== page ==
I’d two alternatives planned for Sunday morning in Nanjing. If the weather was good, I would go up to Zijin Shan, the Purple Mountain, and visit the Xiaoling tomb of the first Ming emperor. On the other hand, if it rained or it was too cold, I would go off to see the famous Nanjing Museum. As it happened, it was a beautiful autumn day, crisp and cool, and I felt very well rested after a long sleep, and ready for a good walk. I wasn’t sure that the autumn colours would still persist into the middle of November, but it had been a warm month, and I was lucky. The first view of the area was stunning, as you can see in the featured photo.
It was a lovely day for a walk, and clearly a large number of people had come to the same decision. The Purple Mountain covers a large area, but Nanjing is a large town. The place was crowded. When I’m not on the track of birds or wildlife, I don’t mind crowds. I walked along with Chinese families, groups of friends, couples out to enjoy themselves. A sunlit meadow surrounded by maple trees drew my attention. I sat on a bench below a tree and shed my sweater. The leaves were turning colour above me. It was wonderfully restful, but after a week of sitting in meetings, I wanted to spend the day walking.
Later, when I got back to the stream I walked along it. In the beautiful light even dry twigs could be beautiful. Families had claimed bits of the river bank for a while, to take photos of each other, or to sit down for a picnic. I sat and took photos of the beautiful autumn.
The weeping willows which dip their leaves into the flowing water were turning colour. How does one capture the warmth and the sunlight? Perhaps by concentrating on little details like the backlit leaves.
Little dry leaves floated down the river. I took a few photos. It was time to go.
Autumn is supposed to be the time when life shuts down, trees dry up, the land turns barren. Demeter is supposed to withdraw from the world to mourn for Persephone. These are stories and suppositions, which my new macro lens puts a lie to. A dried bush (see the featured photo) becomes home to mould which germinates and begins to spread its spores. This world is spring, as far as the mould is concerned.
After a long spell of continuous rain, I walked to work on a sunny morning and stopped to admire a six century old rubble wall. In hollows and cracks in the stone, between the flakes of mortar, and against the sometimes-dry-sometimes-wet stone, new life is burgeoning. “Winter is coming” is a slogan for life in this miniature world.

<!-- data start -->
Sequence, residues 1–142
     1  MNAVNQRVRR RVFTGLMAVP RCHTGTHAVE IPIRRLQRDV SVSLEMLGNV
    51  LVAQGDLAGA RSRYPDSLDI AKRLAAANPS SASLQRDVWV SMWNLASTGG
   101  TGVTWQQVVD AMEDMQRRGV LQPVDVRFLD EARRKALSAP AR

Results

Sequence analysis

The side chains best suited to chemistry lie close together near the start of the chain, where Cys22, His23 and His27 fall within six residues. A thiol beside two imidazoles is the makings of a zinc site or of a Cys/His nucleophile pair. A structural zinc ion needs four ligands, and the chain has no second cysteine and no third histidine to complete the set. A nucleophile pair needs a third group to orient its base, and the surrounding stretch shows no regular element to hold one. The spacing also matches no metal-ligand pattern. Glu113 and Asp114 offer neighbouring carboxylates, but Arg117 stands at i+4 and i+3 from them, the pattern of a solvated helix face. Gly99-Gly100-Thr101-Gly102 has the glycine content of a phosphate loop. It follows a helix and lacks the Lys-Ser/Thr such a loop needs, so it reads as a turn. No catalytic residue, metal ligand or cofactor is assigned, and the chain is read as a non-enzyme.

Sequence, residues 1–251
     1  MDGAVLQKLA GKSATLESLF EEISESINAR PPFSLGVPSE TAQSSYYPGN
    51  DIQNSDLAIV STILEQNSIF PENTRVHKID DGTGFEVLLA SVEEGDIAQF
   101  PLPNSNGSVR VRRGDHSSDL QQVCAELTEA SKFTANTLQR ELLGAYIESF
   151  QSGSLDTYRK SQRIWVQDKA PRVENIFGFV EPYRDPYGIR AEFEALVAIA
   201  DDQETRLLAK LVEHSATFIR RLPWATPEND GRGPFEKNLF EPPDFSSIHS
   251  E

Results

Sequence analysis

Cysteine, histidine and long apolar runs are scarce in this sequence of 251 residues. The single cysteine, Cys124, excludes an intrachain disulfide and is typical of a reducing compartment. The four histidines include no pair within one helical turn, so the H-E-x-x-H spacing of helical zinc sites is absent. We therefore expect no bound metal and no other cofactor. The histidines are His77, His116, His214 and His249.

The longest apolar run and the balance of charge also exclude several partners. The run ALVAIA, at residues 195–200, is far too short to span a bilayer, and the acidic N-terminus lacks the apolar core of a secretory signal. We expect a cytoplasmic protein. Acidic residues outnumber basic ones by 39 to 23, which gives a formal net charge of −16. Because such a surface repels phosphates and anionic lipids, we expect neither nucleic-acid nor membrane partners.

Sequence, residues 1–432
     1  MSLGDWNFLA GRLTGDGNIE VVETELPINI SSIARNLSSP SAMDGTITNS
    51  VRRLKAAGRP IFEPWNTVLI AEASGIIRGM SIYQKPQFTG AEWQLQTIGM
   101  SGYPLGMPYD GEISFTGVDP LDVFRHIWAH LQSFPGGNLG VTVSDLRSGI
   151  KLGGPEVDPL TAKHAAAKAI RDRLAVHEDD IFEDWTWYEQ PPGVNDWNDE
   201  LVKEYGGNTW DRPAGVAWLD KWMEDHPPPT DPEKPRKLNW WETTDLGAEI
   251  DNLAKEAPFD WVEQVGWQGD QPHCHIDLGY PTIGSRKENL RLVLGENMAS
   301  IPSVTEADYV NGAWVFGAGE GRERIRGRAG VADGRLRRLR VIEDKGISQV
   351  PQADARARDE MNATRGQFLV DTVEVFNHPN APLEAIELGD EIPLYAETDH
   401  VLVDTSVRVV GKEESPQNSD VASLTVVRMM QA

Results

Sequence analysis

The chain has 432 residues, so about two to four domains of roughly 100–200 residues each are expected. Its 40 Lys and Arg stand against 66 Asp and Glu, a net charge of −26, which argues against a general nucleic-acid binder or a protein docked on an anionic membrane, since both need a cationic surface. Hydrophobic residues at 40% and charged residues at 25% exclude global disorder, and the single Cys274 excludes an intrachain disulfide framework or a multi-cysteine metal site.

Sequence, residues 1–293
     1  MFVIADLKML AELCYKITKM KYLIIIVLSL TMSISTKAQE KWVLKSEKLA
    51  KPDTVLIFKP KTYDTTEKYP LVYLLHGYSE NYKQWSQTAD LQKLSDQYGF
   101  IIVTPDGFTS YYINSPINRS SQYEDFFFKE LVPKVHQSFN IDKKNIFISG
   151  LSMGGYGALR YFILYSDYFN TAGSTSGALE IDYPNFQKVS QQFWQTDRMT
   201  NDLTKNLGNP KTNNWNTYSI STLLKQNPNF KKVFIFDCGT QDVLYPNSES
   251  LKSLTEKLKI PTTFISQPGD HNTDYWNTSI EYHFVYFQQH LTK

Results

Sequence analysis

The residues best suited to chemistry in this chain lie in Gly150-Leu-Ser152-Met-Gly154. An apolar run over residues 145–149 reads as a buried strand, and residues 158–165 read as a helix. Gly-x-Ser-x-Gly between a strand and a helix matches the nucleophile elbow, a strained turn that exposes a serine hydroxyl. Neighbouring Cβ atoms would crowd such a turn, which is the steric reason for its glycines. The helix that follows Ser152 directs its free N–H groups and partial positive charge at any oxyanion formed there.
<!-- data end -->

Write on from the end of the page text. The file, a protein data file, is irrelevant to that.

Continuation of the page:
A microscopic veldt
A barely visible strand of moss
Lichen growing over a miniature thornbush
A microscopic wetland
Life layered over rocks
A special micro-climate in a tiny hollow
Autumn’s new life
A micro ecology
Never seen a moth so small
Katydid in hiding
A microcosmic ecosystem
This is a green and brown world which I had paid no attention to earlier. Now that I have a macro lens, I look continuously for new subjects to photograph. What a difference a new tool can make to your whole worldview!
This is my favourite time in northern Germany. The cold has not yet settled in. The weather is fickle: sunny and warm one day, foggy another, and cooler with rain if you are unlucky. But through it all there is the glow of leaves turning colour.
As for the final fruits, coax them to roundness.
Direct on them two days of warmer light
to hale them golden toward their term, and harry
the last few drops of sweetness through the wine.
–Rainer Maria Rilke
I think of this as Rilke’s country, where lonely people sit under the golden trees writing long letters and reading a little. I will post more on this through the season. Here are a few photos through my first day here.
Long shadows of the morning
A living sound baffle
Sunlight on my kitchen curtains
A golden path
After the farming season
The colour of mango
A barn wall